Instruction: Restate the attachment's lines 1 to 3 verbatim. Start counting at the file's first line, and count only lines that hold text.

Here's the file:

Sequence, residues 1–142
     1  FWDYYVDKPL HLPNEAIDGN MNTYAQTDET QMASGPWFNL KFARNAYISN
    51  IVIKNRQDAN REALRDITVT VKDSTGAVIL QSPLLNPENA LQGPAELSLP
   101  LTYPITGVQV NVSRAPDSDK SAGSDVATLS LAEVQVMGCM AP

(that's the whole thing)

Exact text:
Sequence, residues 1–142
     1  FWDYYVDKPL HLPNEAIDGN MNTYAQTDET QMASGPWFNL KFARNAYISN
    51  IVIKNRQDAN REALRDITVT VKDSTGAVIL QSPLLNPENA LQGPAELSLP